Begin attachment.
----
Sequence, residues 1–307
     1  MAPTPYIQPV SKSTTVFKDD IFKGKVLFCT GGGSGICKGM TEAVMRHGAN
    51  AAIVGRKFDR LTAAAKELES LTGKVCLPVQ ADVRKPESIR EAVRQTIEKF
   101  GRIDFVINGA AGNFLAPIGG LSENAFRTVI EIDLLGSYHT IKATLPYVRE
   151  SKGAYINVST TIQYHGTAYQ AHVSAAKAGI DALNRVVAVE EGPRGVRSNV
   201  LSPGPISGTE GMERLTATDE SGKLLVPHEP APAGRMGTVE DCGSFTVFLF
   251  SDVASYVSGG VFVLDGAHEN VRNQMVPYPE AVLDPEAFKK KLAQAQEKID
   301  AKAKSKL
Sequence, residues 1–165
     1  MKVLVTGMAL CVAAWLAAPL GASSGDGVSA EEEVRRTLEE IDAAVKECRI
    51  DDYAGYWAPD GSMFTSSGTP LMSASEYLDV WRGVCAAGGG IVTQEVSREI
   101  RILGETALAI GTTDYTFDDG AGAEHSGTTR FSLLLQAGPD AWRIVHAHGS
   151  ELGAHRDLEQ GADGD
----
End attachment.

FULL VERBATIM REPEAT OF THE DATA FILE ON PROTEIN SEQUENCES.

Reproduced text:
Sequence, residues 1–307
     1  MAPTPYIQPV SKSTTVFKDD IFKGKVLFCT GGGSGICKGM TEAVMRHGAN
    51  AAIVGRKFDR LTAAAKELES LTGKVCLPVQ ADVRKPESIR EAVRQTIEKF
   101  GRIDFVINGA AGNFLAPIGG LSENAFRTVI EIDLLGSYHT IKATLPYVRE
   151  SKGAYINVST TIQYHGTAYQ AHVSAAKAGI DALNRVVAVE EGPRGVRSNV
   201  LSPGPISGTE GMERLTATDE SGKLLVPHEP APAGRMGTVE DCGSFTVFLF
   251  SDVASYVSGG VFVLDGAHEN VRNQMVPYPE AVLDPEAFKK KLAQAQEKID
   301  AKAKSKL
Sequence, residues 1–165
     1  MKVLVTGMAL CVAAWLAAPL GASSGDGVSA EEEVRRTLEE IDAAVKECRI
    51  DDYAGYWAPD GSMFTSSGTP LMSASEYLDV WRGVCAAGGG IVTQEVSREI
   101  RILGETALAI GTTDYTFDDG AGAEHSGTTR FSLLLQAGPD AWRIVHAHGS
   151  ELGAHRDLEQ GADGD